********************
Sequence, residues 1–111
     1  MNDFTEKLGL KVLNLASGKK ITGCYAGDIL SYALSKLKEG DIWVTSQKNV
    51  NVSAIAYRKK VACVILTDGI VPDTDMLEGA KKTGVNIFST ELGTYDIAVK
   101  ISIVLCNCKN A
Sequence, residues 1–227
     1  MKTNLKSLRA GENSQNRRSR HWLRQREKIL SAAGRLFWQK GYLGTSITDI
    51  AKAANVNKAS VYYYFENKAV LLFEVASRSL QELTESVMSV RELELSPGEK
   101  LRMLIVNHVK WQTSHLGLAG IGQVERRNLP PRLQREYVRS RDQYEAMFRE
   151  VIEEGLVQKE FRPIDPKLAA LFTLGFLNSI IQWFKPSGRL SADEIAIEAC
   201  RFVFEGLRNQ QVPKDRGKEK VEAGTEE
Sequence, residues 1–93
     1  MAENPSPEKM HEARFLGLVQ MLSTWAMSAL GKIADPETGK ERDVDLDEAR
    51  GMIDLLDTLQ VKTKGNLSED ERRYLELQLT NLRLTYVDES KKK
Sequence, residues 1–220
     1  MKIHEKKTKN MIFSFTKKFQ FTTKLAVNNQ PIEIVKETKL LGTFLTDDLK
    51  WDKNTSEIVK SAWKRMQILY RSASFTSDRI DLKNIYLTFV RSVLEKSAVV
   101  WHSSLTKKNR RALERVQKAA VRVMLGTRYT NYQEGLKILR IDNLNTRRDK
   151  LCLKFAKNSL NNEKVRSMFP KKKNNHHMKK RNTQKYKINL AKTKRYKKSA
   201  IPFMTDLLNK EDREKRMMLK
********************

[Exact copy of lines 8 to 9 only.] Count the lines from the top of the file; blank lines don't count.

   101  LRMLIVNHVK WQTSHLGLAG IGQVERRNLP PRLQREYVRS RDQYEAMFRE
   151  VIEEGLVQKE FRPIDPKLAA LFTLGFLNSI IQWFKPSGRL SADEIAIEAC